The Results of Machinery: Namely, Cheap Production and Increased Employment Exhibited : Being an Address to the Working-men of the United Kingdom
C. Knight, 1831 - Great Britain - 216 pages
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agricultural amongst better Birmingham bookbinders Britain capital century charcoal cheap cheaper chinery cloth coal comforts composing stick condition consequence consumer contrivances corn cost of production cotton cultivated diminish the cost effect employed employment enabled engines England exertion farmer fifty force France furnace give glass hand hand-mills Herodotus horse houses Hugh Myddleton human labor improvement increased India industry infinitely ingenuity invention Ireland iron Joseph Foster knife knowledge lace Lancashire land less lessen Liverpool London machine machinery manufacture materials means mechanical aid ment millions perfect persons Petworth piece plough population possesses pounds pounds sterling power-loom present printing procure produce profitable labor quantity roads rollers Scotland shillings society spinners spinning Staffordshire steam-engines stockings stone supply thing thousand thread tion trade twenty United Kingdom wages weavers wheel windlass wood working-men workmen yarn
Page 189 - I' the commonwealth I would by contraries Execute all things: For no kind of traffic Would I admit; no name of magistrate; Letters should not be known ; riches, poverty, And use of service, none; contract, succession, Bourn, bound of land, tilth, vineyard, none; No use of metal, corn, or wine, or oil; No occupation; all men idle, all, And women too, but innocent and pure : No sovereignty— Seb.
Page 219 - ... servants, if they had any sheet above them, it was well, for seldom had they any under their bodies to keep them from the pricking straws that ran oft through the canvas of the pallet and rased their hardened hides.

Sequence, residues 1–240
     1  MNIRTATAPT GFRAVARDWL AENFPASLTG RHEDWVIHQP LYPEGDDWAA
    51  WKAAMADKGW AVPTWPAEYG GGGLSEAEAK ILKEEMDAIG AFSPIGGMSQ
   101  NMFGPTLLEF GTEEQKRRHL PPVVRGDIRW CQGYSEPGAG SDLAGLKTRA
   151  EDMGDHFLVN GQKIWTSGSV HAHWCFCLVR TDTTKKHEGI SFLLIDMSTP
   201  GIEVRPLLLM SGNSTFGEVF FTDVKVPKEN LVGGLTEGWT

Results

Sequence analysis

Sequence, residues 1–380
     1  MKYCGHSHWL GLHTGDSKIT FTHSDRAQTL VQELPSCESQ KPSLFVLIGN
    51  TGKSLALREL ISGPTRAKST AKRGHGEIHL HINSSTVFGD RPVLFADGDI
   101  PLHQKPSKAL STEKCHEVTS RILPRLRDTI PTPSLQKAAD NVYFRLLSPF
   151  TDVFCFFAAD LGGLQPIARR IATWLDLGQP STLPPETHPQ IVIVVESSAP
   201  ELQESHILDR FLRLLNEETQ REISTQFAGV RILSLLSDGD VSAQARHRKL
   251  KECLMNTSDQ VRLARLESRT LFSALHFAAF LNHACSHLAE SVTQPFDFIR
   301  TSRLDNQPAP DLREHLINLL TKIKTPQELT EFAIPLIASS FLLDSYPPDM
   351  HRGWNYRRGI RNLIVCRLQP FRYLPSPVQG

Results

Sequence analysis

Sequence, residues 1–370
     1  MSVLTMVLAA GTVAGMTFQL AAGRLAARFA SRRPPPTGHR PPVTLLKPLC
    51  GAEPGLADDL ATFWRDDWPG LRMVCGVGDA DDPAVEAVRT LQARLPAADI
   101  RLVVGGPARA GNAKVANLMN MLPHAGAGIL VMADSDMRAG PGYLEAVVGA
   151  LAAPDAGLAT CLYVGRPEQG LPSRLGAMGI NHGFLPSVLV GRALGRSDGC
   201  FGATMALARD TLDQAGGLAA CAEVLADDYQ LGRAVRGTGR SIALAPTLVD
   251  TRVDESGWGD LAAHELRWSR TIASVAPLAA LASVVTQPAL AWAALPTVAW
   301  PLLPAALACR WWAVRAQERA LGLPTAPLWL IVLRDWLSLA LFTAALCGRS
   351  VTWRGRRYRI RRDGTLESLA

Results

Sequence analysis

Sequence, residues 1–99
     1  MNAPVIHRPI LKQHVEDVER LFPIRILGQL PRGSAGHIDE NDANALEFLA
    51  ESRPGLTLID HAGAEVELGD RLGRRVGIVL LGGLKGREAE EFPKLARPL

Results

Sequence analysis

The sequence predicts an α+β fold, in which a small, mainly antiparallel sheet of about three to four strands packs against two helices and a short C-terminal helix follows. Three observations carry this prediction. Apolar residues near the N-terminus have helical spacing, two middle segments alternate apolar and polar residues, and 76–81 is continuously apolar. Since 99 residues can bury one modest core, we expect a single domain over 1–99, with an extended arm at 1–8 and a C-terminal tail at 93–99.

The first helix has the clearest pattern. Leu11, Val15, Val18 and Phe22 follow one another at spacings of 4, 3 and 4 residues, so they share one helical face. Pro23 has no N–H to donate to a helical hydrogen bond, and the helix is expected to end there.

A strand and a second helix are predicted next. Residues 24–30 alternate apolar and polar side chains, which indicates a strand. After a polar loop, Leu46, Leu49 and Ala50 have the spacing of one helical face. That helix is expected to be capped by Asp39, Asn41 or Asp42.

Page 217 - Petworth, and did not get out of the coaches (save only when we were overturned, or stuck fast in the mire) till we arrived at our journey's end. 'Twas...
Page 148 - ... eyes. He took me into a room quite as wide, and perhaps twice the length of this, and we had just room to walk between stacks, from the floor to the ceiling, of parts of dolls. He said, 'These are only the legs and arms; the trunks are below.
Page 98 - It was no uncommon thing for a weaver to walk three or four miles in a morning, and call on five or six spinners, before he could collect weft to serve him for the remainder of the day ; and when he wished to weave a piece in a shorter time than usual, a new ribbon, or gown, was necessary to quicken the exertions of the spinner.
Page 219 - ... as well lodged as the lord of the town : So well were they contented. Pillows, said they, were thought meet only for women in childbed : As for servants, if they had any sheet above them it was well : For seldom had they any under their bodies to keep them from the pricking straws that ran oft through the canvass, and rased their hardened hides.
Page 99 - ... a mistake, but a benevolent one. It was in the year 1767, as we have mentioned, that Arkwright became acquainted with Kay. In...
Page 218 - ... there are old men yet dwelling in the village where I remain, which have noted three things to be marvellously altered in England within their sound remembrance.
Page 172 - Lee — who died at Paris of a broken heart. And why did he die of grief and penury ? Because the people of his own days were too ignorant to accept the blessings he had prepared for them. We ask with confidence, had the terror of the stockingframe any real foundation ? Were any people thrown out of employment by the stocking-frame ? " The knitters in the sun, And the free maids who weave their thread with bones...